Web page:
The award-winning author of In My Father’s Footsteps combines prose and poetry in a poignant memoir that captures the aftershocks of a tragic car accident. “Beginner’s Guide to a Head-on Collision offers the deeply moving poetic memoir of Sebastian Matthews’s life in the years after the car accident that devastated him and his wife and son. The poems, which often read like electric improvised prayer-songs, intimately evoke the terrors and wonders of catastrophic physical injury and of ‘life re-booted.’ They are disturbing, eerie poems that embody the paradoxes of being The Dead Man at the crossing. They are amazingly honest in their hopeful, mystical sense of fate. In this unforgettable book, the reader is present at the scene of the accident where the hovering spirit that has departed the body addresses the living person re-entering his brokenness and answering for his transcendent awareness.” —Kevin McIlvoy, author of Hyssop “These poems detail both physical and spiritual misery, and though suffering can turn us into many things, Matthews—our banged-up storyteller, singer, docent—strives to deliver himself back to a body of affection, intimacy, and kindness. Beginner’s Guide to a Head-on Collision is a remarkable record of that difficult journey.” —Patrick Rosal, author of Brooklyn Antediluvian “By reading Beginner’s Guide to a Head-on Collision we learn how to go in and out of the body as necessary and, in order to take in the possibility of a larger life, how to wrest from breakage release from our thin views of who we are.” —Vievee Francis, author of Forest Primeval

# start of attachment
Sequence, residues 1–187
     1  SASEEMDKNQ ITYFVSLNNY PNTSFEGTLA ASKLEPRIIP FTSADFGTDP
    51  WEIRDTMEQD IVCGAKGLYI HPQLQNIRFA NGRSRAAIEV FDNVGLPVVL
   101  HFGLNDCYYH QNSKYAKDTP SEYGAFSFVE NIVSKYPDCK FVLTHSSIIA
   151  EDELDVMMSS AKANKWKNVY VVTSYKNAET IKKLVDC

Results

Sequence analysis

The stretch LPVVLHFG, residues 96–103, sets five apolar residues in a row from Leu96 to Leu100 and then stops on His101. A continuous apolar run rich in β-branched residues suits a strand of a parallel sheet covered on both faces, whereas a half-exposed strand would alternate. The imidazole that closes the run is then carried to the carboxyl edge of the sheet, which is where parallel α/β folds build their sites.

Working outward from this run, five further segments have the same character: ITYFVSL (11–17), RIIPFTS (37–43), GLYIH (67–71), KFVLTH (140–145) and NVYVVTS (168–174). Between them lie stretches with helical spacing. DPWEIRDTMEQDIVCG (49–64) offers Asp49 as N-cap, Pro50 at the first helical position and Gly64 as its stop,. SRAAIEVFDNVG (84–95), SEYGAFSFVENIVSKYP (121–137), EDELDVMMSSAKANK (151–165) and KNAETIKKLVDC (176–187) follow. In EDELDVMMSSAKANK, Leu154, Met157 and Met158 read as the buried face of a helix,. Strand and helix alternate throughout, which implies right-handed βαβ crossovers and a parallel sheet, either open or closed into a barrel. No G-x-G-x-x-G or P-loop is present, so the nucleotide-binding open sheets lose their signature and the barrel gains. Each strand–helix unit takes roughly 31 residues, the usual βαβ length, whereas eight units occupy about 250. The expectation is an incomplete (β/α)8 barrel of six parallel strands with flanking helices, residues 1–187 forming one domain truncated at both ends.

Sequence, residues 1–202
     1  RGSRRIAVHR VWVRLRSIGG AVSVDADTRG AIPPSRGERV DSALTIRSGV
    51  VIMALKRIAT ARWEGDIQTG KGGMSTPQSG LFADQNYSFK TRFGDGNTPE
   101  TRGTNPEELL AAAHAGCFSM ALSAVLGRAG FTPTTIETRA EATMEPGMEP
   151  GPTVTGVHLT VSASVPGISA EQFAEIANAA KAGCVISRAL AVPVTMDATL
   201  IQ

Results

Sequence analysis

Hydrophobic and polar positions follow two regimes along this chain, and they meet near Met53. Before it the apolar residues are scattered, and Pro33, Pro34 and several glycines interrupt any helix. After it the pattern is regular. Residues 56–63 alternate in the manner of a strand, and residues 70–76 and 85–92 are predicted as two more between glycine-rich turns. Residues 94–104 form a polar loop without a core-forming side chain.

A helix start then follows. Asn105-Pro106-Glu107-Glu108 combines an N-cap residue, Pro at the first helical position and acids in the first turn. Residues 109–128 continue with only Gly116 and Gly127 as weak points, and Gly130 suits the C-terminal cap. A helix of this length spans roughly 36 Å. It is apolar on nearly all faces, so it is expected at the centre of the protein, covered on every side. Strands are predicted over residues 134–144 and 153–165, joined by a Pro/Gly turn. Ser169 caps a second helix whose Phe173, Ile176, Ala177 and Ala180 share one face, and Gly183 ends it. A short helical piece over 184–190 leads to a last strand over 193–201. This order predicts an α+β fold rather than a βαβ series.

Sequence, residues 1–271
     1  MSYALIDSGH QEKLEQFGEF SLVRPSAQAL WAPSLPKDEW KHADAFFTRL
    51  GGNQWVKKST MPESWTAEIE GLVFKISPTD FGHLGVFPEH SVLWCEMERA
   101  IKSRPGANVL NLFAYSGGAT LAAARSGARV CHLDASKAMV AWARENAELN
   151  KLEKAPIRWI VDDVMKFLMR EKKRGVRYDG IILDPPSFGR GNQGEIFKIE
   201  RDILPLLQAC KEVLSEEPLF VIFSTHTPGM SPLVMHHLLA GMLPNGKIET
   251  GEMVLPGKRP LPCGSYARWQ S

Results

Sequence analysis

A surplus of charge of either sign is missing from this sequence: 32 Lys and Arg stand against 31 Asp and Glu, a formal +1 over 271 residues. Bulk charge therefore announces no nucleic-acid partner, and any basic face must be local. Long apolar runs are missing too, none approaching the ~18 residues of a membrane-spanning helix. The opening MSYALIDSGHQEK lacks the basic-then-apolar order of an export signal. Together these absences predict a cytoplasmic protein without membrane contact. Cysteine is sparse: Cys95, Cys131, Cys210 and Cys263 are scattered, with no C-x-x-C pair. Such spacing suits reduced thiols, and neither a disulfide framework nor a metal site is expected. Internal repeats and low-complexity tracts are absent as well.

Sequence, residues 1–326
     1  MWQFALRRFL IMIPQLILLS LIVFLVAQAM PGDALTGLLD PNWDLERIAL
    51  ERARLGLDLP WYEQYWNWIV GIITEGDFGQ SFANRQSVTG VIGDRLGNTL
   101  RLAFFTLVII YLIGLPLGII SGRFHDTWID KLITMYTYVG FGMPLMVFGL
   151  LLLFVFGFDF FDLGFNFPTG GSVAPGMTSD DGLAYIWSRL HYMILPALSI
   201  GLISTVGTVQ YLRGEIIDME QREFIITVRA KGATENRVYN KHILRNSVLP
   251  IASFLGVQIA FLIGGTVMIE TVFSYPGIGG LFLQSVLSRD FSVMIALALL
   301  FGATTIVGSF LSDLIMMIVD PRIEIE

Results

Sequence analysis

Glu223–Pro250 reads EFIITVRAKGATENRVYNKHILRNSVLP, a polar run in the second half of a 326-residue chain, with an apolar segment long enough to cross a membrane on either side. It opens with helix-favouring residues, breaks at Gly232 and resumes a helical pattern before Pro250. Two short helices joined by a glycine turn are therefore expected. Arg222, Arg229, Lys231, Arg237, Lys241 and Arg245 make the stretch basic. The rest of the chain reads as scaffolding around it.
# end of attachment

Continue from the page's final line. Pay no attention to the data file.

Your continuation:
The year is 2076, the nation’s Tricentennial. Guns are outlawed, but the last seven surviving weapons are in captivity and on display in your city zoo. Billy the Kid’s colt .45, Andrew Jackson’s dueling pistol, a retired military rifle, a backwoods hunting rifle, a playful plastic toy gun, an unfinished nuclear handgun, and the flashy Saturday night special. In plotting and executing their escape, they see for the first time what they were really made for and why they can never be free. An L.A. Theatre Works full-cast performance featuring Edward Asner, Tyne Daly, Bruce French, Robert David Hall, Tommy Hicks, Ella Joyce, Marnie Mosiman, James Reeder and Yeardley Smith.
Death is a subject that few of us talk about, but many think about and more than a few of us dread. Whether it is the actual end of our life’s journey or merely a transit point to Heavenly glory its actual point of impact is, obviously, life changing. But what do poets think of it? How do their minds tangle with the subject and make sense of this? That’s what we thought too. Poets as rich and diverse as Tennyson, Hardy, Shelley & Poe here share their words, thoughts and visions with us. Death is unavoidable but the journey there should be as informed and enjoyable as possible. On this Volume our readers include Richard Mitchley & Ghizela Rowe
Volume 1 in the Casey Crime Photographer series! This lighthearted crime drama spotlights witty dialogue, fanciful characters, and the congenial atmosphere that comes from setting much of the show’s action against the backdrop of a popular watering hole. The plots are basic - Casey snaps photos for the Morning Express and finds himself playing amateur sleuth by getting involved in the stories he covers - but what sets the series apart is its laid-back atmosphere, chiefly personified in its backdrop of The Blue Note Café. There, in-between assignments, the characters engage in badinage with their philosophically sardonic bartender pal Ethelbert, often to the melodious accompaniment of the Blue Note’s background piano. Strong characterizations and fine scripting continue to make Casey a delightful and enjoyable series.